Just a few days before Christmas, Chanelle and her children will move into her New Horizons home that was renovated through a partnership with AXA Advisors of Cleveland. She’s one of five women to begin working toward the goal of homeownership through this revolutionary program.
When asked what it would take to see more families in New Horizons homes and breaking the cycle of poverty, Field says it takes exactly what you think it would — resources.
“We need overall support — financial, renovation related materials, skilled volunteers, appliance donations, and more to grow this program. We have the families and a solid foundation for our program. We just need more interested partners to sponsor a home.”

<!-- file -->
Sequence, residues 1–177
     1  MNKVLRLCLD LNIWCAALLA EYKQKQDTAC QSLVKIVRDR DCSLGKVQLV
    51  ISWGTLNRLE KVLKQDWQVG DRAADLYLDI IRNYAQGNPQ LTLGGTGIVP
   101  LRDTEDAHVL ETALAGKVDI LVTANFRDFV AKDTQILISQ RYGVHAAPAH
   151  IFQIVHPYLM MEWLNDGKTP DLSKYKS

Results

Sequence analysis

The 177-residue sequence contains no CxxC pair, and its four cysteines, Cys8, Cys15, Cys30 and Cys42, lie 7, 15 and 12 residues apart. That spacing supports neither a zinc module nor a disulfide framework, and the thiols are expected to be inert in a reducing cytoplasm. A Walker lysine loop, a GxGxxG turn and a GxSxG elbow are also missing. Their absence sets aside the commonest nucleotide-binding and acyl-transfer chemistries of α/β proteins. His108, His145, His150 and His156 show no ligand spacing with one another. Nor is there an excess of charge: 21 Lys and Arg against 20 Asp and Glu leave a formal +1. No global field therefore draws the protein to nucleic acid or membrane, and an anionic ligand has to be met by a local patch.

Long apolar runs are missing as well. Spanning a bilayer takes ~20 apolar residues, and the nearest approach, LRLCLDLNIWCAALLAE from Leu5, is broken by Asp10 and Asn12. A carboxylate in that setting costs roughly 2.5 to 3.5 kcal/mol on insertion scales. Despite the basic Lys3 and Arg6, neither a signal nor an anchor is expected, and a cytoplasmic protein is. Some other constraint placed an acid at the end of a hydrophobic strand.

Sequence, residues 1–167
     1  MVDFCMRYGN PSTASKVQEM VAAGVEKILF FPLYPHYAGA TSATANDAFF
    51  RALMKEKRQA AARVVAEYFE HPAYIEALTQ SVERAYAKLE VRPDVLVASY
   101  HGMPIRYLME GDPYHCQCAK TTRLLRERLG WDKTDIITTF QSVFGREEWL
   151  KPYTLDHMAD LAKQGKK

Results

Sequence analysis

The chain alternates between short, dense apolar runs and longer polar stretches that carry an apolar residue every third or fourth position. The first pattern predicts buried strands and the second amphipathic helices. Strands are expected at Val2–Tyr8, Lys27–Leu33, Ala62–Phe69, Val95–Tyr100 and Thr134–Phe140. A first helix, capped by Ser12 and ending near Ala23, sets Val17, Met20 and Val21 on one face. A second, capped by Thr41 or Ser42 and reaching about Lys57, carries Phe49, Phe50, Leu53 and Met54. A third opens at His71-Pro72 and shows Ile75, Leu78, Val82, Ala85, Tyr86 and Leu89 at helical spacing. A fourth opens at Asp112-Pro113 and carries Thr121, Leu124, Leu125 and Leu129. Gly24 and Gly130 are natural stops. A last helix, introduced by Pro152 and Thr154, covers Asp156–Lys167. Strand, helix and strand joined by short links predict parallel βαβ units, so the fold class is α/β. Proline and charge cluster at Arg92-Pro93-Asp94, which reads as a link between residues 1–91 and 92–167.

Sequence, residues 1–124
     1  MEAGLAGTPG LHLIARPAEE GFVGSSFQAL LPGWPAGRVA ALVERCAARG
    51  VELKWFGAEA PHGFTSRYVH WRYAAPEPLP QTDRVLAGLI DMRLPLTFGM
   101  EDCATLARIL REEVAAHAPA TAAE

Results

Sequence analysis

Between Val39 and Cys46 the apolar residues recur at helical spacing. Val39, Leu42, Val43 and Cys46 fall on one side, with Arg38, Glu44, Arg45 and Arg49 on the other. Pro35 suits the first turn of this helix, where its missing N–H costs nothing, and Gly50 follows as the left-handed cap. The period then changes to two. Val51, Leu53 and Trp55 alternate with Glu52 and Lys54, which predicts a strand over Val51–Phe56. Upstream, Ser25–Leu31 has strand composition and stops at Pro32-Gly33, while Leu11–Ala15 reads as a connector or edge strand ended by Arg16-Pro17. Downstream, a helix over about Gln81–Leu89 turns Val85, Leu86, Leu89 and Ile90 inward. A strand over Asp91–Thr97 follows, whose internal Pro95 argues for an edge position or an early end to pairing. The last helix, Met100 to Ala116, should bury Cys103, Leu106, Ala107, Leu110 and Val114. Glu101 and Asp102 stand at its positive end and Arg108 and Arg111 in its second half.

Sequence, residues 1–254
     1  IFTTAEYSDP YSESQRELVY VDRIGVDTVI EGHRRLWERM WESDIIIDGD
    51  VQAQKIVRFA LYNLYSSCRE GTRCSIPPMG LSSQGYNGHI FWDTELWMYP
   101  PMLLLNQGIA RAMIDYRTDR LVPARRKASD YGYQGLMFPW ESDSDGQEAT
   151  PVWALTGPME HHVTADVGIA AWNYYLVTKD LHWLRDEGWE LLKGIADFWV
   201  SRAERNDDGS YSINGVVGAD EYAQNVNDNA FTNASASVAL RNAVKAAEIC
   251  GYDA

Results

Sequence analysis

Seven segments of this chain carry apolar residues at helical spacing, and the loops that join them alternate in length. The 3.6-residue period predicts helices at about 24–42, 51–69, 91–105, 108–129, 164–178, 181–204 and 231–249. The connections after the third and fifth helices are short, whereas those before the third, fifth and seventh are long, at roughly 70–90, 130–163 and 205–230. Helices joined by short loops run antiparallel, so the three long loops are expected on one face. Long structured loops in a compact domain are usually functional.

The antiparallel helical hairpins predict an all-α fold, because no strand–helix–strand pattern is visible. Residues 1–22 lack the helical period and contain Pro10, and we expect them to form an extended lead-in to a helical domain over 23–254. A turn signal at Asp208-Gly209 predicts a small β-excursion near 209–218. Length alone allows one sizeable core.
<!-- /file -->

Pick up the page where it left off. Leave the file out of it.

And what better time to think about asking your workplace or church to become a partner than now, as we enter a season of fresh starts?
If you’re interested in learning more about New Horizons Housing Collaborative .
If you were stuck in a manipulating, violent, and dangerous situation, you would immediately leave, right? Not necessarily; unfortunately, due to the nature of intimate partner violence (historically referred to as domestic violence) those being abused don’t always feel like they have the option to escape.
Chanelle, like many survivors of intimate partner violence, had to make the impossible choice to either stay in a life-threatening home situation or leave for a very uncertain future. As the abuse in her marriage grew, she came to realize she could not allow her children to grow up in this unhealthy environment. She considered turning to Laura’s Home Women’s Crisis Center, a long-term wraparound service program in Cleveland, but was reluctant because she thought of it as a homeless shelter; and she wasn’t currently homeless.